I love it when my students follow instructions and end up with a clever, creative essay! I taught them to add a clause which began with who and include somewhere in each paragraph an interesting adverb to describe a verb.  Here's what three of them came up with:

 An exerpt:

The pig and mule were ready to fight.  Because the mule was so old, the pig, who was arrogant, thought the mule was completely weak and knew that he could kick the mule's butt.

The pig, who was avoiding the mule's long teeth, ran for the mule's rear end.  He should have thought twice because the mule kicked the pig right in the face.  The pig flew off the bridge and landed loudly onto some grass.  The pig, who realized that he couldn't win, ran away.  "If I have to fight an old mule again," he thought, "I will have to worry about the bite and the kick."  The mule, who was barely bothered, slowly crossed the bridge and went on his way.

Another one:

On the 18th of April in 6200 B.C. there was a daring and arrogant wild pig.  There was also a wise old mule who did not like fighting.  On that sunny date 8210 1/2 years and 10 days ago both animals were standing on the same bridge, which was somewhere in southern Brazil.  But it wasn't known as Brazil back then.  And all was not peaceful, because the animals were not on good terms with each other.  They were tussling, furiously biting and kicking with tooth and hoof.

Here's a third example:

It quickly became a chaotic encounter.

The pig wanted to have a brutal fight with the old mule.  He viciously started teasing the mule, who became visibly mad.  Because he thought the mule was weak, he gloated excitedly.  The pig decided to attack from behind to avoid the mule's razor sharp teeth.  So he immediately charged.

The clever mule threw his heel back.  The mule savagely kicked him in the face.  The pig who soared in the air, landed in the grass.  The pig ran like a coward. 
 (This student really likes adding adverbs!)

Didn't they do a great job?  These kids are only ten and eleven years old!  They used two little tricks to add so much interest to a simple folk tale.  Reading these stories gives me so much satisfaction!

Tuesday, November 02, 2010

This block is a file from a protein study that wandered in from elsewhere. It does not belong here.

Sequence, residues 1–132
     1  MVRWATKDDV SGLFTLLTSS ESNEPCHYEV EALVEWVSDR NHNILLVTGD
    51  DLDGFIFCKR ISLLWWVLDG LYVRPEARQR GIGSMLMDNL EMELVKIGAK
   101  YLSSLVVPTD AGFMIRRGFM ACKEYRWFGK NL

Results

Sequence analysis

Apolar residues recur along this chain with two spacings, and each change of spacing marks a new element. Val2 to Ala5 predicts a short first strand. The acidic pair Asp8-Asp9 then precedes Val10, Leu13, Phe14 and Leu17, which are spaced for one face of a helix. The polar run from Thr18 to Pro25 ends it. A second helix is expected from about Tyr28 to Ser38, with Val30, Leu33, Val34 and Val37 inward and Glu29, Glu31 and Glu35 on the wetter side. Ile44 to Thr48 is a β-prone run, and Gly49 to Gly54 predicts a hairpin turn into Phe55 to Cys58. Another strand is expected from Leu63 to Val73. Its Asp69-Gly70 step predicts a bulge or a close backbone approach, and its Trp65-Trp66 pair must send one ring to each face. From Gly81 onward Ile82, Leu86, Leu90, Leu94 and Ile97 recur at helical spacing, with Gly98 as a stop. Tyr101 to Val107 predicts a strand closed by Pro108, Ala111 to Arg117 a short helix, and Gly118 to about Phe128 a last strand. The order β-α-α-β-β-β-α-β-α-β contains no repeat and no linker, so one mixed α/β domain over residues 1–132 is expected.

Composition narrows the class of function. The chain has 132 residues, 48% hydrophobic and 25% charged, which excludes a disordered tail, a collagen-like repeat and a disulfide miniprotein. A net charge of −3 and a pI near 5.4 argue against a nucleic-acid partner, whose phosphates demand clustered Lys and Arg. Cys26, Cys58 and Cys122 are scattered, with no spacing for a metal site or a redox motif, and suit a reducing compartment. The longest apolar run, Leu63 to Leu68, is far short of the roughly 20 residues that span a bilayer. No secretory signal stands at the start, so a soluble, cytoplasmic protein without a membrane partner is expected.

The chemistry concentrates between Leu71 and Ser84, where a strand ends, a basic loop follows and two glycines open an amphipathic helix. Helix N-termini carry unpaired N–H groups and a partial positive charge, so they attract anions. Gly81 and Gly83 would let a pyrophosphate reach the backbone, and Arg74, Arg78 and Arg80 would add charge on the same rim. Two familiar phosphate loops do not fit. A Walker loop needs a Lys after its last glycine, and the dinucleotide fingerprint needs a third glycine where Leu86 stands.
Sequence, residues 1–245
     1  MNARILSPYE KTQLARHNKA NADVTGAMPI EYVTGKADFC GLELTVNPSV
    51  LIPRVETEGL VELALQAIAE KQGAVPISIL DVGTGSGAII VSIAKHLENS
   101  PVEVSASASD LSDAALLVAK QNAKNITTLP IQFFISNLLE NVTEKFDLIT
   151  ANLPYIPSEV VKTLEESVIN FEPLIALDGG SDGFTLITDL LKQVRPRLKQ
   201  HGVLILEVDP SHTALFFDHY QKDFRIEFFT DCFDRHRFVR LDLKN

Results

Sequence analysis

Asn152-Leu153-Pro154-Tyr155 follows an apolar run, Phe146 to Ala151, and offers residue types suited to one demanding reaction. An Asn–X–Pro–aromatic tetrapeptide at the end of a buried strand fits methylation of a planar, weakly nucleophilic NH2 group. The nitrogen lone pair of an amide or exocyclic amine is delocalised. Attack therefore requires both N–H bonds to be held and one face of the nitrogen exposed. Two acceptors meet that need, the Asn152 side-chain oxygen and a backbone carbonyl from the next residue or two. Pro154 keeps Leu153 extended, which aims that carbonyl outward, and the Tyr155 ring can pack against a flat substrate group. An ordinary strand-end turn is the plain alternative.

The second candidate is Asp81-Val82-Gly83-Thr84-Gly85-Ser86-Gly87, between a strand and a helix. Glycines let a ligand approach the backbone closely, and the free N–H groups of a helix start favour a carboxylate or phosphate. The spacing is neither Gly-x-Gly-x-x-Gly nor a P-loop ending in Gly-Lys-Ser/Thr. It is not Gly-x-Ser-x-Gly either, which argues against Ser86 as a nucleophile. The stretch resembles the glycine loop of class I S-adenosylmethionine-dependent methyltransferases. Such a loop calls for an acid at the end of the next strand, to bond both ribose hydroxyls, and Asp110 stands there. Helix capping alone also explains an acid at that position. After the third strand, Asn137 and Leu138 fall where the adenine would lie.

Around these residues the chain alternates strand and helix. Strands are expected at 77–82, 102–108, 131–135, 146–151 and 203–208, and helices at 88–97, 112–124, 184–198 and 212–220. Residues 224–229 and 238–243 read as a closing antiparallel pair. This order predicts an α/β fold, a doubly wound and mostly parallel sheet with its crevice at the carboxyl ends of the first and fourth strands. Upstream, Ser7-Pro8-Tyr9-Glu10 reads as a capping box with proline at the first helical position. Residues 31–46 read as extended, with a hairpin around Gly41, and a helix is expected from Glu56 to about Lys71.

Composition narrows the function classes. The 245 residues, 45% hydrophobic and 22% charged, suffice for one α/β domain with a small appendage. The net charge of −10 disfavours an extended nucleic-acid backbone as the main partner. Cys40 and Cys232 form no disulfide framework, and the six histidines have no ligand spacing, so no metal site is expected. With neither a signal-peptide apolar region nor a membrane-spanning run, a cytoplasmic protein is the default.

Because I reacted with intense itching and swelling to stings when I was a child, I have an uneasy relationship with bees.  I find them to be very interesting insects.  According to all reports and my observations, they are industrious little things, always winging to and from their hives, delving into blossoms to search for a little more pollen.  When they return home to their hives, they turn that dusty pollen into creamy honey.

Although I have stopped eating sugar (white or brown) in my diet, I occasionally indulge in consuming a little honey.  I am thankful that bees make honey.

As long as they buzz loudly around the flowers in my garden so I can hear them and avoid their stingers, honeybees will continue to be my friends.  If one of their less wise members decides to sting me, all negotiations will cease.  Then there will be war.

Monday, November 01, 2010

On a Whim

When I read my daughter's post this evening about NaBloPoMo*, I decided without giving it much thought to try to write and post something here on the Willow's Cottage blog every day this month.  I wonder if I can keep up the momentum.  Because I'm a writing teacher, I feel a bit obligated to write well and sometimes that keeps me from writing at all.  Silly, huh?

The following is a two paragraph descriptive essay I recently wrote about a homeless man I saw at the local library.    

      Dejected and downhearted, the bareheaded young man sat slumped against the library building wall, slowly sucking on a discarded cigarette butt because it was all he had.  He focused on each puff, the smoke as gray as the foggy day.  After the butt was extinguished, he continued to sit, head bowed, hand over face, his head pounding with the overpowering pain of what felt like a migraine.  Tom had a hangover. 

     Library patrons passed him where he squatted near the front entrance, some ignoring him altogether, the proverbial elephant in that outdoor courtyard room, others glancing furtively and quickly in his direction, careful to never make eye contact.  He, in turn, ignored them all focusing his gaze inward on his own self-imposed misery.  Clad in faded blue jeans, once white sneakers and a gray fleece jacket with empty pockets, he stood slowly, stretched clumsily, and shuffled off noisily, searching for water, warmth and welcome.

*National Blog Posting Month